Henry Wood wrote a book that haunts me, “The Gentle Art of Singing.” I think about that title a lot and wonder what it would be like to never force a tone? What it be like to sing with total ease and freedom – not only freedom of the instrument but freedom from the fear? Techniques of singing can sometimes become the armor we construct to hide behind to avoid exposing ourselves fully to an audience. Interestingly, it is this very vulnerability and openness that draws others to us and connects us to the world around us. Singers that create armor around themselves rarely touch a human heart. The heart knows real when it hears it. Even children, unversed in musical nuance or knowledge, can be moved to tears by genuine heartfelt singing.

When something ‘works’ in a lesson – let’s work to accept it and rejoice in it. We are worth more than we know, and we all DESERVE to sing in a way that is congruent with our deepest selves.

You are worth it.

Take the dollar – it’s yours.

6 thoughts on “Deserving It

  1. Yes! I love the dollar analogy. Sometimes the mindset “I am enough” is what it takes to let the thing you’ve been working so hard for just come to you.

  2. Great post. It makes me think of this quote by Marianne Williamson
    “Our deepest fear is not that we are inadequate. Our deepest fear is that we are powerful beyond measure. It is our light, not our darkness that most frightens us. We ask ourselves, ‘Who am I to be brilliant, gorgeous, talented, fabulous?’ Actually, who are you not to be? You are a child of God. Your playing small does not serve the world. There is nothing enlightened about shrinking so that other people won’t feel insecure around you. We are all meant to shine, as children do. We were born to make manifest the glory of God that is within us. It’s not just in some of us; it’s in everyone. And as we let our own light shine, we unconsciously give other people permission to do the same. As we are liberated from our own fear, our presence automatically liberates others.”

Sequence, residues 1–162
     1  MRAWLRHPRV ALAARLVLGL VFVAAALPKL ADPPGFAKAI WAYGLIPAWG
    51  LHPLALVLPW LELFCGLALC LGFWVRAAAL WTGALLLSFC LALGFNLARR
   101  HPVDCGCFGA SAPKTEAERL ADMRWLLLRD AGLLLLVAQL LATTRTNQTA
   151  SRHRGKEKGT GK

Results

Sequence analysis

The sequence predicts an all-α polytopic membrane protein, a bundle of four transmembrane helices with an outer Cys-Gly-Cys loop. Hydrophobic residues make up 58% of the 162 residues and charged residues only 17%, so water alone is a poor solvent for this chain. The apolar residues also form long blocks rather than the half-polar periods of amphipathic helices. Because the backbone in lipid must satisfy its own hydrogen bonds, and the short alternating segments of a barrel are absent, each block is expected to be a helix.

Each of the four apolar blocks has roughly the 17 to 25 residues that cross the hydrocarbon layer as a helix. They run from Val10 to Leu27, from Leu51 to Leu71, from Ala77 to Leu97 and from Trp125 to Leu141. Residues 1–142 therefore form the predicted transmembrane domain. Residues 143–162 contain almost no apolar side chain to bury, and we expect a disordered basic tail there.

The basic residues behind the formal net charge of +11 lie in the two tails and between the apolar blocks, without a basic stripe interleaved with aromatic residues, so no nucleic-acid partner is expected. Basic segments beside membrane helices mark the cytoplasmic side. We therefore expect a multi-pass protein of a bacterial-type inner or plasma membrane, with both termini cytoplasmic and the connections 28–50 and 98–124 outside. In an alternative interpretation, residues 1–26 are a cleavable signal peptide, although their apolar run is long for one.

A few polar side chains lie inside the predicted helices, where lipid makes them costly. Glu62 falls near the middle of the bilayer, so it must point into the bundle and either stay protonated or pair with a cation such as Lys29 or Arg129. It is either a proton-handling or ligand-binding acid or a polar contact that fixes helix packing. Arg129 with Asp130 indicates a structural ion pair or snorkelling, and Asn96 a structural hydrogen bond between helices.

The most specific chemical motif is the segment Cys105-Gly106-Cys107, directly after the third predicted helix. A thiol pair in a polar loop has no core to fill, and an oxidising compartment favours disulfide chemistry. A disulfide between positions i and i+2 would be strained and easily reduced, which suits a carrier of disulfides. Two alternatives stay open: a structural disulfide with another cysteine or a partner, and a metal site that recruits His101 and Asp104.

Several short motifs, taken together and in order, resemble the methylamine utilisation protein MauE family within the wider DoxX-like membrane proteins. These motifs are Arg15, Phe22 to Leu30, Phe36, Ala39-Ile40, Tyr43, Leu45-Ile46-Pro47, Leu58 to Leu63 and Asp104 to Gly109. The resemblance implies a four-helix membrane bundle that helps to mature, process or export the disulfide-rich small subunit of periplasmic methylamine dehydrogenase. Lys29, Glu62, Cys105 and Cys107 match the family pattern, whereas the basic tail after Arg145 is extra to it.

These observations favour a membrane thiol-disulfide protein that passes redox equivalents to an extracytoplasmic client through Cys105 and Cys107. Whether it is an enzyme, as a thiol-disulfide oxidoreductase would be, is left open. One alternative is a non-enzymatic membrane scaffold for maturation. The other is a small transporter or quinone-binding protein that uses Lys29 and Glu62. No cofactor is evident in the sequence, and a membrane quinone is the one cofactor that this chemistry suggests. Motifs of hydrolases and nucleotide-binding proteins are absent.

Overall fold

― Marianne Williamson, A Return to Love: Reflections on the Principles of “A Course in Miracles”

    As i often say, vocal technique is the surface of the iceberg, the biggest part under is of great importance as it concerns many psychological aspects about our perception and judgment of what our voice shoud or could be, our emotions, our identity, etc… The path to assume that “i have a great voice and it can be easy for me to sing” is sometimes quite long and is not linked with vocal technique but with self confidence. It can be as long than the fact to look ourselves in the mirror and state “i love myself”. It is complicated to ask people to love us or to love our voice if we don’t do it for us. It is a path to realise that “i am ok as i am” and i don’t have to change, play a role or force anything.